Did you like “Spotlight” for its investigative drama but want less of that detailed procedural stuff? Well, you’re in luck, because “Labyrinth of Lies” exists to fill your Diet “Spotlight” needs – and it gets bonus points for including one of the all-time prestige drama trump cards, the Holocaust!
It is easy to sense that director Giulio Ricciarelli desperately wants to make a movie that unravels the many layers of how Germany and its people moved past the Holocaust. Unfortunately, his script (co-written with Elisabeth Bartel) takes a rather shallow dive into the post-war climate and really only proffers two ideas as to how: shame or willful ignorance. Granted, both are valid explanations. But we have come to accept those as common sense. Dredge up this history, and audiences expect a little something more.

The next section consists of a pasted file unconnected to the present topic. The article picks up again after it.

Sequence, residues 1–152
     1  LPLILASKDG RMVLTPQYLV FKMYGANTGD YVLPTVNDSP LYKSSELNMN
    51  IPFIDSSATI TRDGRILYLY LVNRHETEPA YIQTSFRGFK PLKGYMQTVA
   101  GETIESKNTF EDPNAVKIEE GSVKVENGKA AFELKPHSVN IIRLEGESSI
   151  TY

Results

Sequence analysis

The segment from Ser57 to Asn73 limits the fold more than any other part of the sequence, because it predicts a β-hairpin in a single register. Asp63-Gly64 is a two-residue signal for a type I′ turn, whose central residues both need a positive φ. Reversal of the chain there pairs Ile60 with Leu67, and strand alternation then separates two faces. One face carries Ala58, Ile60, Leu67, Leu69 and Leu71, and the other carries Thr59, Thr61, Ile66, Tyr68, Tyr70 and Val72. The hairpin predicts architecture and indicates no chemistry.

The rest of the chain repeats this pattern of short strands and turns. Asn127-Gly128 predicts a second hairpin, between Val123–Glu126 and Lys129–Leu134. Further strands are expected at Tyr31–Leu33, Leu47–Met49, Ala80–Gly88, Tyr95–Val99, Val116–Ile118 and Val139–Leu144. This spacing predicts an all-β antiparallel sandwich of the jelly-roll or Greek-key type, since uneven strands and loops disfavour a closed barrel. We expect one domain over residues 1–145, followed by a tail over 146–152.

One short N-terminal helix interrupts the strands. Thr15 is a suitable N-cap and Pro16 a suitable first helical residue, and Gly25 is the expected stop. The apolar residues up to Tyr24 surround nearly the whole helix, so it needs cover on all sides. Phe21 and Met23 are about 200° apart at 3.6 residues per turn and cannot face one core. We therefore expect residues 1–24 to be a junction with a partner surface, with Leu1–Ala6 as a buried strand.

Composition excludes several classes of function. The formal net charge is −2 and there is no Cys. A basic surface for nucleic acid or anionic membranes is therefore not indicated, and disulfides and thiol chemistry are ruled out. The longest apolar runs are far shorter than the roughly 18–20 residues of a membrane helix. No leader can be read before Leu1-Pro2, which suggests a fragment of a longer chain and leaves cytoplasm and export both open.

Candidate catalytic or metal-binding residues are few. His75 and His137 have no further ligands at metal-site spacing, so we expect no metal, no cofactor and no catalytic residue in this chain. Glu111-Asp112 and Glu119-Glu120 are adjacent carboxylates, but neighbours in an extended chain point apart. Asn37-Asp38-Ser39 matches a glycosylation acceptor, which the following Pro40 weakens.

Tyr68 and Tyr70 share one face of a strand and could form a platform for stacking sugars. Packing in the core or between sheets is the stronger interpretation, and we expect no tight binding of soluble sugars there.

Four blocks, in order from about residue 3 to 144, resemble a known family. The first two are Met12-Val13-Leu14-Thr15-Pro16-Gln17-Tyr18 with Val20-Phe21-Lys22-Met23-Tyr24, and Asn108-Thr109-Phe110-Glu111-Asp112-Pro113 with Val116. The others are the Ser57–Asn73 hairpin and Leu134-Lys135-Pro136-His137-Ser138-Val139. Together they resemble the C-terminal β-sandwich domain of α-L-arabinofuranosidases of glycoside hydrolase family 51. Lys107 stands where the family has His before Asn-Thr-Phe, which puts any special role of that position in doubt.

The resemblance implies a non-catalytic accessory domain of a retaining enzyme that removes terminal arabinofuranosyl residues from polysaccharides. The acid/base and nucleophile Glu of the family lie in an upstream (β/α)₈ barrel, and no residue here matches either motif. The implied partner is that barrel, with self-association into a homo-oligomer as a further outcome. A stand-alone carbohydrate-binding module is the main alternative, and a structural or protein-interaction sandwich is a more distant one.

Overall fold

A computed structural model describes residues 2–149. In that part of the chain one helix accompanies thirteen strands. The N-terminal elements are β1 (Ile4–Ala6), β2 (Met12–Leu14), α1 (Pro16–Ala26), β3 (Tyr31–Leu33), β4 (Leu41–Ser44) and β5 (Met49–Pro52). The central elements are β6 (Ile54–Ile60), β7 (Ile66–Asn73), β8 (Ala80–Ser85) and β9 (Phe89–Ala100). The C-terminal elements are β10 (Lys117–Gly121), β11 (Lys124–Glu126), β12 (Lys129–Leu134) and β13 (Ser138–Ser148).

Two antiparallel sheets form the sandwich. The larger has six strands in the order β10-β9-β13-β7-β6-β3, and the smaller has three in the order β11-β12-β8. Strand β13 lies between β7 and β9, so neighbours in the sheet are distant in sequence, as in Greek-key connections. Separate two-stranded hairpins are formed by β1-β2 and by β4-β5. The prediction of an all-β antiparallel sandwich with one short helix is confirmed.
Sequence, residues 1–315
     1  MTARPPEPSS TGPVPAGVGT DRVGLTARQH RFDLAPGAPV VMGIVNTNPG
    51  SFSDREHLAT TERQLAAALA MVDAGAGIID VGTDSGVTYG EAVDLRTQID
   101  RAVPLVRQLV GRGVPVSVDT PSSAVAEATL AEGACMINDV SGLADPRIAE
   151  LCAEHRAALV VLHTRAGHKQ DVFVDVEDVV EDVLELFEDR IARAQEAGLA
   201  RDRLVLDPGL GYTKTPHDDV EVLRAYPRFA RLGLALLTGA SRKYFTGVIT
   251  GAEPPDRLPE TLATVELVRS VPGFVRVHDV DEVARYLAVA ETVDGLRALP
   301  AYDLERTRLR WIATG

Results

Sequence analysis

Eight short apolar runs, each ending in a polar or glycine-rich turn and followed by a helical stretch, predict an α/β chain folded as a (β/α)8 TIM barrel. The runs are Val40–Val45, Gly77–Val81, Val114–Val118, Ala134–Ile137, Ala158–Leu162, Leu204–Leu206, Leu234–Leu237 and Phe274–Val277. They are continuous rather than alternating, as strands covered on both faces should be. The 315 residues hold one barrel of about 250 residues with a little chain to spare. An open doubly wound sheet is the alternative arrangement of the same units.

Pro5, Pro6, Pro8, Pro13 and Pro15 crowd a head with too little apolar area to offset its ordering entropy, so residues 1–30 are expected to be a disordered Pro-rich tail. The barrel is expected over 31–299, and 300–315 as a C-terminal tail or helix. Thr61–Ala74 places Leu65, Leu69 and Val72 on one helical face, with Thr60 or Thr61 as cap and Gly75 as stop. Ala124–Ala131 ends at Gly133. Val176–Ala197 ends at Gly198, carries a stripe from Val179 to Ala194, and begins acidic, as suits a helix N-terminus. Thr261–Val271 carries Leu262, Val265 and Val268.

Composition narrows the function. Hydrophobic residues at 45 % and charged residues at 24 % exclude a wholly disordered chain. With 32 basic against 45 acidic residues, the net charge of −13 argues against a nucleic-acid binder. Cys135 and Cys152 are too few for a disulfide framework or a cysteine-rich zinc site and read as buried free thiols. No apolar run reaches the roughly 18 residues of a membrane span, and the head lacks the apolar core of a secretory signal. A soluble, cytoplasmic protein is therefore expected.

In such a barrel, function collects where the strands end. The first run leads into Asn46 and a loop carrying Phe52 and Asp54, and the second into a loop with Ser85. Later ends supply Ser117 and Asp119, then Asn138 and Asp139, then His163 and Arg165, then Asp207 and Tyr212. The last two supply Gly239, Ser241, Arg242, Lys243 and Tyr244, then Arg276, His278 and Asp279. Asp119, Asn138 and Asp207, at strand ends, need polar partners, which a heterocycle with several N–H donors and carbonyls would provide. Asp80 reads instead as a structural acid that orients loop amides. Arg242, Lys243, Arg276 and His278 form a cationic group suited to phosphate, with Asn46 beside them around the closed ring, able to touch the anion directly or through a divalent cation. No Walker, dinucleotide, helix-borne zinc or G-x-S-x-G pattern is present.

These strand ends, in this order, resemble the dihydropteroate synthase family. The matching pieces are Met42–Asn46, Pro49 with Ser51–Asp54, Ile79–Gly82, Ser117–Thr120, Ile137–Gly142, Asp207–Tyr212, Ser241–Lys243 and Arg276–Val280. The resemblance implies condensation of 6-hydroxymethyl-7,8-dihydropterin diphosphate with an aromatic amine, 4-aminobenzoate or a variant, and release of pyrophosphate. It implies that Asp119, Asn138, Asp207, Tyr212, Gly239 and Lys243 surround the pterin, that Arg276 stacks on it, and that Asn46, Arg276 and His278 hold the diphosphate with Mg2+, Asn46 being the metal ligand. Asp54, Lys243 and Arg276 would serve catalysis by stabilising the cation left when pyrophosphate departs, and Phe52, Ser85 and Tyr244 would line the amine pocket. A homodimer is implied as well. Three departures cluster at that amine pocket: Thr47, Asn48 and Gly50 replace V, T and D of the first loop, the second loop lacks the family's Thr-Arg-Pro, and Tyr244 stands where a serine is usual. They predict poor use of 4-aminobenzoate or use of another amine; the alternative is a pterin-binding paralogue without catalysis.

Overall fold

The story follows the quest of young, idealistic and naive German prosecutor Johann Radmann (Alexander Fehling), who seeks to explore how certain Nazis evaded punishment after receiving a hot tip from a journalist. He buries himself in extensive party documents to find some shocking truths about the death camps. Too bad the film itself does not follow the cue of its protagonist; “Labyrinth of Lies” far too often mistakes the trees for the forest. C+ /